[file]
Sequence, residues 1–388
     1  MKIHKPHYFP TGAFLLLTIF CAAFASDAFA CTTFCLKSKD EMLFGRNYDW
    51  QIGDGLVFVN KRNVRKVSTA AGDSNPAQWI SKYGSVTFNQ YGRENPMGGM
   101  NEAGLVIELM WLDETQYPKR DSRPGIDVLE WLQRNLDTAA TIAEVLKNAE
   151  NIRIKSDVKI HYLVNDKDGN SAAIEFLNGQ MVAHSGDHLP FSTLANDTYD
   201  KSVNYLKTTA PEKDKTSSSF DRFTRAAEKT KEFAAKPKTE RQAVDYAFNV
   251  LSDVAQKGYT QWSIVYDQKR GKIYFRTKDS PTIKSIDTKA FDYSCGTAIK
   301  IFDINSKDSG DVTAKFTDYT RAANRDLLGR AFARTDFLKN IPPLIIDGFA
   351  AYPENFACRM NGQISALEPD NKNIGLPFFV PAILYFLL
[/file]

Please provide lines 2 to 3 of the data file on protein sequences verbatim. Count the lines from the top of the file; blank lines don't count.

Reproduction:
     1  MKIHKPHYFP TGAFLLLTIF CAAFASDAFA CTTFCLKSKD EMLFGRNYDW
    51  QIGDGLVFVN KRNVRKVSTA AGDSNPAQWI SKYGSVTFNQ YGRENPMGGM